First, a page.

Three years later, it had been completed. Taking inspiration from wristwatches, Louis would mount a square-cased watch with exposed screws onto a strap for his friend to wear. This is what would eventually become not just the first iteration of the Cartier Santos, but also one of the first-ever wristwatches made for men, and the world’s first pilot’s watch. And Alberto Santos-Dumont? He would etch his name in aviation history with his Demoiselle No.19 in 1907, flying 200m, and then in 1909 with the Demoiselle No.20, would be more successful, becoming the worlds first true Ultralight aircraft – and a Cartier Santos on his wrist to accompany him.

The Evolution

The Cartier Santos was ground-breaking for the time, as wristwatches were generally regarded as a more feminine accessory whilst pocket watches were meant for gentlemen. However, Alberto Santos Dumont’s wristwatch became a frequent appearance in photos taken of the man, and the popularity of his titular watch skyrocketed.

Despite their general awareness of critical acclaim, Cartier didn’t release this model for standard production until 1911. Initially named ‘Santos-Dumont,’ the name was eventually shortened to just ‘Santos’ and would continue to gain interest throughout the early to mid-twentieth century, plateauing only due to the First and Second World Wars. Even then, the Parisian Cartier Maison remained open, producing high-quality jewelry and timepieces despite a lack of materials on both occasions.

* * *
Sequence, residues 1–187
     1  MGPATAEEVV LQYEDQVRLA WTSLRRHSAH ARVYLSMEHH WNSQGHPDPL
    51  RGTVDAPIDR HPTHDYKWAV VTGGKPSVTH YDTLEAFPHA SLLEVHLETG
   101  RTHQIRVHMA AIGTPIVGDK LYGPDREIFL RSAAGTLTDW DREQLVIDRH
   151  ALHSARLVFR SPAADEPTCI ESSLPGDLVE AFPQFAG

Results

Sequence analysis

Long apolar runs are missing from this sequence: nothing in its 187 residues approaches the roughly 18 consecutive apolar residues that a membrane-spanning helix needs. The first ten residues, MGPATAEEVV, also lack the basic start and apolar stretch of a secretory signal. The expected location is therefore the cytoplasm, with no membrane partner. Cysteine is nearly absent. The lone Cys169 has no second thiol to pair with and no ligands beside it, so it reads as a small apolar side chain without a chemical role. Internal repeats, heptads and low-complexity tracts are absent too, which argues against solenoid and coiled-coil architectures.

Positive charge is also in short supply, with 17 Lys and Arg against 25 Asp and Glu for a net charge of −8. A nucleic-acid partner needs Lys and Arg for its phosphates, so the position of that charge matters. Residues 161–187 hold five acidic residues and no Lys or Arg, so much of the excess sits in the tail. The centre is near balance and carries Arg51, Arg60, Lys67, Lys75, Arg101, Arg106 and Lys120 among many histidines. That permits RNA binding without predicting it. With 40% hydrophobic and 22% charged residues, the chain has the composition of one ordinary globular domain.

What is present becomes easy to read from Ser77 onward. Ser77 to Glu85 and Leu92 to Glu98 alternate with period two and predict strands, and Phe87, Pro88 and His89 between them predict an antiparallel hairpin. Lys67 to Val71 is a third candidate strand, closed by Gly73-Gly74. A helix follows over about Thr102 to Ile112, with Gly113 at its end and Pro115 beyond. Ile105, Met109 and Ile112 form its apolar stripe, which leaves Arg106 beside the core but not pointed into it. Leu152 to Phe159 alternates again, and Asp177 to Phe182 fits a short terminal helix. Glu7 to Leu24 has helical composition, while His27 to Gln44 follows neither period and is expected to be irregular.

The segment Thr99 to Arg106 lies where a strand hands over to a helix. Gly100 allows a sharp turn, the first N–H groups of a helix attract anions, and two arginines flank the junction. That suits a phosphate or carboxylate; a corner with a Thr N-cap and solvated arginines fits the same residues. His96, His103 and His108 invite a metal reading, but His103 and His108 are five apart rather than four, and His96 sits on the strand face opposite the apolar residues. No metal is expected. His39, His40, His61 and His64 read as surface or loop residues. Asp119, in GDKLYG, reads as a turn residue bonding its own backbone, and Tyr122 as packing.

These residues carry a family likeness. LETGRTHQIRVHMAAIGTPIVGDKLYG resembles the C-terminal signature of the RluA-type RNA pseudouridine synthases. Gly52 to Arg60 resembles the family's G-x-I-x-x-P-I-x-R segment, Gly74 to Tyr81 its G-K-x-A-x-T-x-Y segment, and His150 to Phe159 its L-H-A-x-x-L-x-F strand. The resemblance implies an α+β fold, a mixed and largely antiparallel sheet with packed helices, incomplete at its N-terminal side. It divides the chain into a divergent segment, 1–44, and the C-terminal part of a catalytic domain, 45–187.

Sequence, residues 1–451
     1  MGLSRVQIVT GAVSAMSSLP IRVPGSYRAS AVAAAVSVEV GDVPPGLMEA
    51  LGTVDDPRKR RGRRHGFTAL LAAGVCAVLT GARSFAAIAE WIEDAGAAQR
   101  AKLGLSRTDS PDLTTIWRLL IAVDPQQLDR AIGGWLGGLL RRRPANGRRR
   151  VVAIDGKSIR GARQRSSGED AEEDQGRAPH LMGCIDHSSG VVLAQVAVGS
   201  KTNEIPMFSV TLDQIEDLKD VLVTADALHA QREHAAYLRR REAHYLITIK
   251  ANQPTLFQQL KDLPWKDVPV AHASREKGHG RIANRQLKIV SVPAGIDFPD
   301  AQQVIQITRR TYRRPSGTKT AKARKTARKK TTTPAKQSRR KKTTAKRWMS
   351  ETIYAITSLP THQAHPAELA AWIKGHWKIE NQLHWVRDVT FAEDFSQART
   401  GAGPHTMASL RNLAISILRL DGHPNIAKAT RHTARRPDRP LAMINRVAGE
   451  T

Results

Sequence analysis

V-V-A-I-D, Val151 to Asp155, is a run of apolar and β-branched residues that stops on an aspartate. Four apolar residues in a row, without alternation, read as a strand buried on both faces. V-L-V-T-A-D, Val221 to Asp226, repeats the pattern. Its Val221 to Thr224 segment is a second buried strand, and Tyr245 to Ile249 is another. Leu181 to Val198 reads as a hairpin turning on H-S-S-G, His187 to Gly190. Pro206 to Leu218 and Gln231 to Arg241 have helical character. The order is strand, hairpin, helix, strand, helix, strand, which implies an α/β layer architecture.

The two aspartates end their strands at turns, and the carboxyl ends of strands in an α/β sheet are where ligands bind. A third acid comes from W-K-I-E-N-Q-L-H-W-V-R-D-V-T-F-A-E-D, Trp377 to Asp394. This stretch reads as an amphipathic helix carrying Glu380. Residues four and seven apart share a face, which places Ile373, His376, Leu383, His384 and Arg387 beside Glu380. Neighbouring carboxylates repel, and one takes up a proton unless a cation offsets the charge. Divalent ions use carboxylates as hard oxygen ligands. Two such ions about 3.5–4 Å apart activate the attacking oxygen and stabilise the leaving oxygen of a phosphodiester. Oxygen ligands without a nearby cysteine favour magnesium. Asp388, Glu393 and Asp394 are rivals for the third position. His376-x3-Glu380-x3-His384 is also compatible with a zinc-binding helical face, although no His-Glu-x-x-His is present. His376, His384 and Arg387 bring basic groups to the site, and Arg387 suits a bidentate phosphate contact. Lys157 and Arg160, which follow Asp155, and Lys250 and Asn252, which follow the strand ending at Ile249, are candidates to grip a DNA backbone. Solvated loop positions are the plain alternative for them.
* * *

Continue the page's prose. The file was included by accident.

One of the biggest periods of change for the Cartier Santos was throughout the 70s through to the 90s. The advent of the Quartz Crisis brought about a newfound drive for artistic and technical innovations in the seemingly dying mechanical watch trade, which required a significant shift in vision, which thankfully, Cartier had.

Under the presiding leadership, Cartier released the Santos de Cartier, a predominantly steel rendition of the original Santos in a bid to appeal to a younger crowd at an accessible price point. Steel was not a material Cartier was that familiar with, so to maintain their luxurious reputation they coupled it with gold accents, making the Santos de Cartier the first-ever two-tone wristwatch. The two-tone design would become a staple of this watchmaking era, and the Santos de Cartier two-tone still persists in a modern rendition.

The modern grey dial, two-tone Santos de Cartier released at Watches & Wonders 2024.

This model is a tribute to the original’s aesthetic, which you can see come through in both the design elements of the case and dial.

A relaunch of the Santos in 1987 would also bring about another popular Santos collection, the Santos Galbée. A quartz watch with a design aimed at those who wanted a more subtle and softer-looking piece, the Santos began to lose some of its boxy silhouettes in favour of a slightly more curved design. While the Galbée has long since been discontinued, it was an important step in the Santos’ transformation, as those curvier design features have made their way into the modern Santos design.

The Santos Galbée